Risk modeling, data integration drive NASA next-gen air travel safety project

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Low visibility, bird strikes, incorrect landing approach speed, runway debris, airframe icing, engine fires, unexpected weather and sensor malfunction are but a handful of potential causes of airplane accidents.

They also are among more than 60 incident scenarios identified by an ambitious NASA effort to develop the next generation National Airspace System, known as NextGen NAS.

Vanderbilt risk and reliability engineering experts will be involved in studying many of them. They are playing a key role in a $10 million, five-year project to integrate complex data sources that will be the future of air traffic management systems. The project is part of NASA’s Aeronautics University Leadership Initiative, which gives top academic centers and their industry collaborators a larger role in shaping best practices and translating them into commercial use.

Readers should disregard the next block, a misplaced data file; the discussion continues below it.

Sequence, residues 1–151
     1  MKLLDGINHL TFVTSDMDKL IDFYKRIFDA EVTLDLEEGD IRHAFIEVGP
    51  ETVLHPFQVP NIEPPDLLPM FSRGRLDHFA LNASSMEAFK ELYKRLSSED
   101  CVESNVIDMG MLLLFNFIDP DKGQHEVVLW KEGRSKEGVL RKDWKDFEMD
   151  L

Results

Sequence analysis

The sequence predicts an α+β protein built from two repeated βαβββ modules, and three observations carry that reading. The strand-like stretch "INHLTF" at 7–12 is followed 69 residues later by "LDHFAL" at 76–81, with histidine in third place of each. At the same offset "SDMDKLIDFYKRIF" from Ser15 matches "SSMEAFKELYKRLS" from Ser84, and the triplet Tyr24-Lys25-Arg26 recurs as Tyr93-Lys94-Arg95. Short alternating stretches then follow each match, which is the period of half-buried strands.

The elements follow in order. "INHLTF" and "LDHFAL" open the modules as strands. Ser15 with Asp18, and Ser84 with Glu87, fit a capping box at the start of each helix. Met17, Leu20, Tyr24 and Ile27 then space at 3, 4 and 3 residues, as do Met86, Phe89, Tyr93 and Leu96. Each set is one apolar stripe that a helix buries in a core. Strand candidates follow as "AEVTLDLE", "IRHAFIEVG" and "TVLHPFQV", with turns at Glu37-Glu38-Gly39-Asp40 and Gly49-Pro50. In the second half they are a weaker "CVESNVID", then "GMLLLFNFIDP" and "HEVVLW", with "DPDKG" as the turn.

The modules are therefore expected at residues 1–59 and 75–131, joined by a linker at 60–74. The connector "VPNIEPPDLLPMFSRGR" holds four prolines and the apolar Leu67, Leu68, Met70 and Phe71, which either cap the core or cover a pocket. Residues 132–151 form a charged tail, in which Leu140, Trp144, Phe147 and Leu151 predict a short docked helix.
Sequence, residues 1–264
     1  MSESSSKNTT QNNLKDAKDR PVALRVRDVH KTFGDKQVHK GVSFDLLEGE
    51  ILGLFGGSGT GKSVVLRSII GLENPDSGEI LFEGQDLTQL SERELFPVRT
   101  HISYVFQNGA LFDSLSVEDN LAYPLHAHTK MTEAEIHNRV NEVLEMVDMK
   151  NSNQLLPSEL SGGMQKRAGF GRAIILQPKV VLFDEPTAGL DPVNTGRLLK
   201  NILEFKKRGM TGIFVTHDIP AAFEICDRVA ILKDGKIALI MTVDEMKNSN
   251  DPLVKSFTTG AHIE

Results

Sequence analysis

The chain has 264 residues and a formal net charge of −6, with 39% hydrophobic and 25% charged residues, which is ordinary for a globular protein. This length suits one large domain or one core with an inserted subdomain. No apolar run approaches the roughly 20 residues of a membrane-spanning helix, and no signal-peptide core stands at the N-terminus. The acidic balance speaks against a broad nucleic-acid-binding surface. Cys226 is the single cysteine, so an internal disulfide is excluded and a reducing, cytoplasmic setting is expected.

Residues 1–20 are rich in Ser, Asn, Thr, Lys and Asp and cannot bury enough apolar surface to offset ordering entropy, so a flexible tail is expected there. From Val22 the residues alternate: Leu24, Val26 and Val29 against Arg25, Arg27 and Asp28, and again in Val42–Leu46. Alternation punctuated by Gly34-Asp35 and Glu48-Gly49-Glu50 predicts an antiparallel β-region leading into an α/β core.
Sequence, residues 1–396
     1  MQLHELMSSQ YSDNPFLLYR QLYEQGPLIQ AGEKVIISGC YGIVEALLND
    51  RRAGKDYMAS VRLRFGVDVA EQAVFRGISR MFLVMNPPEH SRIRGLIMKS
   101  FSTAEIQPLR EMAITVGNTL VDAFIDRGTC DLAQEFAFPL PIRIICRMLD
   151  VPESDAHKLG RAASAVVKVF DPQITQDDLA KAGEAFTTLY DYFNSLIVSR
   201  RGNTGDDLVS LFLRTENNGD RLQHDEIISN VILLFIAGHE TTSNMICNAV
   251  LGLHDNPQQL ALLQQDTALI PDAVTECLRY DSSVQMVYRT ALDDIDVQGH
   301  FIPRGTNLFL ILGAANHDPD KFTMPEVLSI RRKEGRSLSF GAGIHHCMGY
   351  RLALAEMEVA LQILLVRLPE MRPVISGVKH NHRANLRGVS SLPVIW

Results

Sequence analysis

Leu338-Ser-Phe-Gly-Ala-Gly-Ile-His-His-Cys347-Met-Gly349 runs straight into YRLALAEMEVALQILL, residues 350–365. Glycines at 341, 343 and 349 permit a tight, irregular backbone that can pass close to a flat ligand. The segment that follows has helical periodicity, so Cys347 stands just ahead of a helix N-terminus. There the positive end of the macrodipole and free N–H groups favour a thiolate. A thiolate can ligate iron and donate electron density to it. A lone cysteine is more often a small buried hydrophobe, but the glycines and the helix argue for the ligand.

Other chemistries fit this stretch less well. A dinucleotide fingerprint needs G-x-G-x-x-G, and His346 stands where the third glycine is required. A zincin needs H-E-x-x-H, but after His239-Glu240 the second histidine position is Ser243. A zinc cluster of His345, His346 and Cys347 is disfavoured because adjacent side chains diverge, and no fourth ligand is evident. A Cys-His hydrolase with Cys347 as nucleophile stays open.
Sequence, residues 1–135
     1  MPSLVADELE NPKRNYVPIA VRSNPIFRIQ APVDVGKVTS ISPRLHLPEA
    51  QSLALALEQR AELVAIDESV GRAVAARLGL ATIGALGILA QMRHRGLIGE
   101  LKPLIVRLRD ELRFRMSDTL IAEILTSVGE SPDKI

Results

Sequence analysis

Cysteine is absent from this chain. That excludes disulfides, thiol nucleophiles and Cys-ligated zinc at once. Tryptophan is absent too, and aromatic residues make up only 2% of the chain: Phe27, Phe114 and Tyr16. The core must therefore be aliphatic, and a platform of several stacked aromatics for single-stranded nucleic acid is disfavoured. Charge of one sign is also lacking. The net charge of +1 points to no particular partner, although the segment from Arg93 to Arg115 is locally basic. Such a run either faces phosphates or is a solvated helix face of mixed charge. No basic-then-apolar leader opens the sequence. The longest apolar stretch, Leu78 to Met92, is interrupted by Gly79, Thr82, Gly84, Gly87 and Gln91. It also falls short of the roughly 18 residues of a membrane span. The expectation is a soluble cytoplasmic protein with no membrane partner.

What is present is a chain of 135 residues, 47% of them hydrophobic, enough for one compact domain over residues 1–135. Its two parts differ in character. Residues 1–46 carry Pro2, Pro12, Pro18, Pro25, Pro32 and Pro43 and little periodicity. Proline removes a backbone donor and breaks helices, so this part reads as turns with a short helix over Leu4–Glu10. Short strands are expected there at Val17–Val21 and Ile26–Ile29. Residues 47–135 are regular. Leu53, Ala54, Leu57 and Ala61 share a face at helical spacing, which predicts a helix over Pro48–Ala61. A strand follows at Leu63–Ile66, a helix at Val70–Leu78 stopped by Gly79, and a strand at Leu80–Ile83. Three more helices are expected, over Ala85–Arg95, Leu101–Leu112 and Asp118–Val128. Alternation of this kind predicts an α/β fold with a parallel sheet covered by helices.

“It is a very consequential project,” said John R. Murray Sr. Professor of Engineering Sankaran Mahadevan, professor of civil and environmental engineering and leader of the Vanderbilt team. “Any system you consider has uncertainty, both in terms of demands and the capacity to meet the demands.”